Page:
How Edward Willett shapes his fantasy worlds

Edward Willett

by Timothy Pike

Award-winning science fiction and fantasy author Edward Willett was a senior in high school when he wrote a novel called Slavers of Thok, which at the time he considered his magnum opus. “You could tell it was a serious fantasy novel,” he says, “because it had a map.”

While that statement is probably tongue-in-cheek, the novel itself was no joke—the culmination of many years spent sharpening his writing skills and reading everything he could get his hands on.

In fact, Edward’s writing roots go back to a very early age—and quite a distance south of where he currently lives in Regina, Saskatchewan, Canada.

“Like most writers, I began as a reader,” Edward says. “My kindergarten teacher in Lubbock, Texas, taught us the basics of phonics, and I taught myself to read from that. As a result, I skipped grade one—I already knew how to read. I read everything under the sun, but because I had two older brothers who read science fiction and fantasy, I gravitated toward that.”

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His interest in those genres was clear from the start. “I wrote my first complete short story when I was eleven years old, as something to do on a rainy afternoon with a friend,” Edward recounts. “In those pre-internet days, there wasn’t much else to do, and we only got two channels on TV, one of which was fuzzy. I don’t know if my friend finished his, but I finished mine, entitled ‘Kastra Glazz: Hypership Test Pilot,’ which shows you where my mind was right from the very beginning.”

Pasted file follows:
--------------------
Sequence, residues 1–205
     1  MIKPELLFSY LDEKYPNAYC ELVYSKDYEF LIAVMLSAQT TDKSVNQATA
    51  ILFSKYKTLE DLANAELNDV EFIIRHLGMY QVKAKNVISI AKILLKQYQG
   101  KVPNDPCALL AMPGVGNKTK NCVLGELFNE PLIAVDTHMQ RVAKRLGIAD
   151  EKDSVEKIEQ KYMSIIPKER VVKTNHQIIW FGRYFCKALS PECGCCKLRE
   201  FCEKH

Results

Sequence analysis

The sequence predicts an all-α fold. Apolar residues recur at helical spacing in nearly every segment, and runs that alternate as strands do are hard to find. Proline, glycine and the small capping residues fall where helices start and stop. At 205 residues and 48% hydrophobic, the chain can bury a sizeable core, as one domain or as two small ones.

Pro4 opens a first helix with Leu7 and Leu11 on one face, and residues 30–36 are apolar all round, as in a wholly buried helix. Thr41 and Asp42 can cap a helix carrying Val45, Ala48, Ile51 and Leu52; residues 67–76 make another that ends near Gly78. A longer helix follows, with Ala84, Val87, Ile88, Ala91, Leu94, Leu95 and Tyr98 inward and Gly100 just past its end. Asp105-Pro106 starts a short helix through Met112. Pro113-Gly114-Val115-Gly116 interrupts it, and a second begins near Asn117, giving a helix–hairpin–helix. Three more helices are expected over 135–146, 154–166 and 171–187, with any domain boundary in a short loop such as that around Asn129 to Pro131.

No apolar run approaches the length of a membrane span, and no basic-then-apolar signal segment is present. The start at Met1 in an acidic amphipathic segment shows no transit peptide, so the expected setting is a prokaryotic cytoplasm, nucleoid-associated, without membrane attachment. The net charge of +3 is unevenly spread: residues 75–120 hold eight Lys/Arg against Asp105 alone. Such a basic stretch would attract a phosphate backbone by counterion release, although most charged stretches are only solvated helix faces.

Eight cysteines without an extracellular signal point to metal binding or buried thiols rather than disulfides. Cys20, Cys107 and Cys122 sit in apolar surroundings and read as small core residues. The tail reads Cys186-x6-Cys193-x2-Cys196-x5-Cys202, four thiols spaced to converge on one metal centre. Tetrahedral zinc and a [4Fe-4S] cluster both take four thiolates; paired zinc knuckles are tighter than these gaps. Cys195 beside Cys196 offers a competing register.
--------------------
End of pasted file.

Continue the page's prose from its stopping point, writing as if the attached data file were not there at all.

“I shared my stories with my classmates and discovered I could tell stories people enjoyed,” Edward says. “And somewhere along in there, I decided I wanted to be a writer.”

Throughout his schooling, Edward continued to hone his craft. “In high school, my best friend, John Smith—no, really—also liked writing,” he says, “and we used to meet in an empty classroom after school and write, then read to each other what we’d written, alternating sentences, to sometimes hilarious effect. I wrote a novella-length science fiction story in those sessions.”

The other students at his school, as he soon found out, loved what he wrote. “I shared my stories with my classmates and discovered I could tell stories people enjoyed,” he says. “And somewhere along in there, I decided I wanted to be a writer.”

But even though he had the talent—and quite a bit of material to show for it—Edward was aware of how tough the writing business could be when starting out. “I knew, because I read Writer’s Digest, that you couldn’t make a living as a writer right away,” he says. “And so I went into journalism, because I figured at least I’d be writing and getting paid.”

After completing his studies at Harding University in Arkansas, his career took off. “I graduated in December of 1979 with a degree in journalism, and in January 1980 began working as a reporter-photographer for the Weyburn Review, the weekly newspaper. By 1984, at the ripe old age of twenty-five, I was the news editor.”

Despite his success in that field, Edward found himself yearning to strike out on his own—and that’s when he made an interesting discovery. “I always wanted to be a full-time freelance writer,” he tells me, “but once I quit my job in 1993 and plunged into being exactly that, I discovered, as someone actually warned me at the time, that when you rely on freelance writing as your main source of income, counterintuitively, it can have a negative impact on your writing—or at least the writing that you most long to spend time on. The constant pressure to write something, edit something, or publish something to make money draws you away from the pure joy of writing the novel you want to be writing now, or a short story, or a play, or whatever.”